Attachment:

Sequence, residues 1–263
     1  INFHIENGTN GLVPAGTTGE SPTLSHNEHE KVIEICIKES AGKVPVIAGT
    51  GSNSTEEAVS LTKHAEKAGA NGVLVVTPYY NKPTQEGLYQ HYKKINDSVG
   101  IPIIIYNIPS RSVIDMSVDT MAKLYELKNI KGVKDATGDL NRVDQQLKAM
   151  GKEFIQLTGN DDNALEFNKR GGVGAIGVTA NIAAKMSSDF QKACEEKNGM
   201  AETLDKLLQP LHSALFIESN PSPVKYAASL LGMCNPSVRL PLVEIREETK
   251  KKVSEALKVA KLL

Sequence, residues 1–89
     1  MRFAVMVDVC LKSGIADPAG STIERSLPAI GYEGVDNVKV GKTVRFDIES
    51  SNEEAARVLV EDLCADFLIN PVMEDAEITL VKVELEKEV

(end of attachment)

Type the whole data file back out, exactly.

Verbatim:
Sequence, residues 1–263
     1  INFHIENGTN GLVPAGTTGE SPTLSHNEHE KVIEICIKES AGKVPVIAGT
    51  GSNSTEEAVS LTKHAEKAGA NGVLVVTPYY NKPTQEGLYQ HYKKINDSVG
   101  IPIIIYNIPS RSVIDMSVDT MAKLYELKNI KGVKDATGDL NRVDQQLKAM
   151  GKEFIQLTGN DDNALEFNKR GGVGAIGVTA NIAAKMSSDF QKACEEKNGM
   201  AETLDKLLQP LHSALFIESN PSPVKYAASL LGMCNPSVRL PLVEIREETK
   251  KKVSEALKVA KLL

Sequence, residues 1–89
     1  MRFAVMVDVC LKSGIADPAG STIERSLPAI GYEGVDNVKV GKTVRFDIES
    51  SNEEAARVLV EDLCADFLIN PVMEDAEITL VKVELEKEV